|No. 266 of the ongoing ITYWLTMT series of audio montages can be found in our archives at https://archive.org/details/pcast266|
This week’s podcast features a pianist I find has been much overlooked in recent years. Edwin Fischer (1886 –1960) was a Swiss classical pianist and conductor who is regarded as one of the great interpreters of J.S. Bach and Mozart of his generation, if not of the twentieth century.
Precocious, Edwin Fischer entered the Basle Conservatory at age ten where he studied with the composer Hans Huber. When Fischer was eighteen he moved to Berlin to study at the Stern Conservatory with Liszt pupil Martin Krause (who would later teach Claudio Arrau).
After a period of teaching at the Stern Conservatory, Fischer gave recitals and at this time appeared with such eminent conductors as Willem Mengelberg, Arthur Nikisch, and Bruno Walter. He toured in Europe and Britain, but gave only a limited number of concerts.
In 1931 Fischer succeeded Artur Schnabel as director of the Berlin Hochschule für Musik, a post he held for four years. During World War II Fischer returned to his native Switzerland from where he gave master-classes for a number of later prominent pianists (such as Alfred Brendel, Helena Sá e Costa, Mario Feninger, Paul Badura-Skoda and Daniel Barenboim). He continued to tour until 1954 when he stopped performing in public as he was suffering from a paralysis of his hands.
Fischer’s repertoire was dominated by Bach, Beethoven, Mozart, and Schubert. He also played Chopin and Schumann, but had a wide knowledge of the piano repertoire. Describing Fischer’s pianistic personality is not easy. He was a genuinely honest and kind person whose humanity shone through his music in performances that contained a beautiful, seamless legato, and a pellucid tone quality that is unique to Fischer. He found all things spiritual extremely important to his life as a musician, always searching for the true inner spirit of the music he was interpreting.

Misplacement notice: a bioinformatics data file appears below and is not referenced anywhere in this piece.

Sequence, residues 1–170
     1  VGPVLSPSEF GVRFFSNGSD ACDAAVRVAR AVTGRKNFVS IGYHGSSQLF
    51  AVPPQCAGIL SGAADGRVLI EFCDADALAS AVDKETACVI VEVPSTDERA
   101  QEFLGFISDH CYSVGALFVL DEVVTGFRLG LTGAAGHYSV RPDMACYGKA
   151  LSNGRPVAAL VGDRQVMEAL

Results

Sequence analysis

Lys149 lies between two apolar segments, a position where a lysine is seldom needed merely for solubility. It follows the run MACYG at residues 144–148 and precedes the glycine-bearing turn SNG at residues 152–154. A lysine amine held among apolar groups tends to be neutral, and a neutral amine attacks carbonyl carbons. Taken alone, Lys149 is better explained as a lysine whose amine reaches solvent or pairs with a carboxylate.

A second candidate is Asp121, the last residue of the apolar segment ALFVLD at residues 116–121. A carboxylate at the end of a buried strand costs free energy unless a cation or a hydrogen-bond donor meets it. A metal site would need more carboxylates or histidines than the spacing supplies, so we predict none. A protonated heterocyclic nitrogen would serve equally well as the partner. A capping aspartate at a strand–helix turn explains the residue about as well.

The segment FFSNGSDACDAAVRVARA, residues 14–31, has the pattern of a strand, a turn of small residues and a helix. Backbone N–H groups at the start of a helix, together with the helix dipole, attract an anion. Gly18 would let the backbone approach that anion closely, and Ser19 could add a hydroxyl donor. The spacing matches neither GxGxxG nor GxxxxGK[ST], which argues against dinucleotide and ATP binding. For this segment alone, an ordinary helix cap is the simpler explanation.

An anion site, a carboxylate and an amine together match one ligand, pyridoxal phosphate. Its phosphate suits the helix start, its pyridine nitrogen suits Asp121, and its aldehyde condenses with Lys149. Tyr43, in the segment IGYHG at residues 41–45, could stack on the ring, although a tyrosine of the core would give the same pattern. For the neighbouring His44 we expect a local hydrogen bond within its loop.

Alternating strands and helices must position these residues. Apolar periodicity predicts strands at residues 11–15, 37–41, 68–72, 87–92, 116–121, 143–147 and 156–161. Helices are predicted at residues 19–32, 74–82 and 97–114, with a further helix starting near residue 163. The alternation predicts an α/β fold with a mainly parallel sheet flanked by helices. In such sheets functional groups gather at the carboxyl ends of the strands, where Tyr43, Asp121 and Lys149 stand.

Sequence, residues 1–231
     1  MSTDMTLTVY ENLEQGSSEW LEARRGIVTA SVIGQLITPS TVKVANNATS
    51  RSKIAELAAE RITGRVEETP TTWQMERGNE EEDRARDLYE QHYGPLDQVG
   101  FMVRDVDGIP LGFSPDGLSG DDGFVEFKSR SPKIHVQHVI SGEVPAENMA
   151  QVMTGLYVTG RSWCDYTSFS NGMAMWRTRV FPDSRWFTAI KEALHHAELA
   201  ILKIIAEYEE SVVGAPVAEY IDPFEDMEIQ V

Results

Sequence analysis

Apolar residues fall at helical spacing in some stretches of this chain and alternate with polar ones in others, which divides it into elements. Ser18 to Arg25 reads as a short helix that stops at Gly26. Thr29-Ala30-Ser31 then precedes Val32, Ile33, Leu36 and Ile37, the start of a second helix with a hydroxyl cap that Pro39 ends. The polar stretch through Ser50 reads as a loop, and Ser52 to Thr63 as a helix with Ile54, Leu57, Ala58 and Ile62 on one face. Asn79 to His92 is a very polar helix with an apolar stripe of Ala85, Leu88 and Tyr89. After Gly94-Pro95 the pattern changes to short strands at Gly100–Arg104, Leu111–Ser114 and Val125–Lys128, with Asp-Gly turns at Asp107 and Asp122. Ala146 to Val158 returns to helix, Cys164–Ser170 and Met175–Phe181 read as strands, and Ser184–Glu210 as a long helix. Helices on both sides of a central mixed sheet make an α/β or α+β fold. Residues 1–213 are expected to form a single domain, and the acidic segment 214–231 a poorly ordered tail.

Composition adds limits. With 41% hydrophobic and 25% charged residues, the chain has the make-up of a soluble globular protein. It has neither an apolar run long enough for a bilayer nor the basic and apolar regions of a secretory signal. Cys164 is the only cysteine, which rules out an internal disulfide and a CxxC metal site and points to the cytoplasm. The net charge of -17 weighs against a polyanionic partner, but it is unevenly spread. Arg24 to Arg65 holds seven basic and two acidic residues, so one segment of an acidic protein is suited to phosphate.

Edwin Fischer was the first pianist to make a complete recording of Bach’s Das wohltemperierte Klavier which he commenced in 1933. Perhaps the best adumbration of Fischer’s musical outlook is his recording of Bach’s Chromatic Fantasy and Fugue recorded in 1931. The Fantasy sounds more like an improvisation with Fischer not fearing to double notes and use extremes of dynamic, his pianissimo being almost hypnotic as it draws the listener in. He makes this Fantasy into an improvisational poem, at times creating moments of aching beauty. He brings the same qualities to Busoni’s arrangement of Bach’s Chorale Ich ruf’zu dir.
In 1930 Fischer formed his own chamber orchestra of Berlin musicians, which he conducted from the keyboard. In 1950 Fischer gave a series of concerts in London and other European cities to commemorate the bicentenary of Bach’s death. In these concerts he played all the concertos for keyboard. Today’s podcast features his recording of three of these concerti with his Chamber Orchestra.
I think you will love this music too.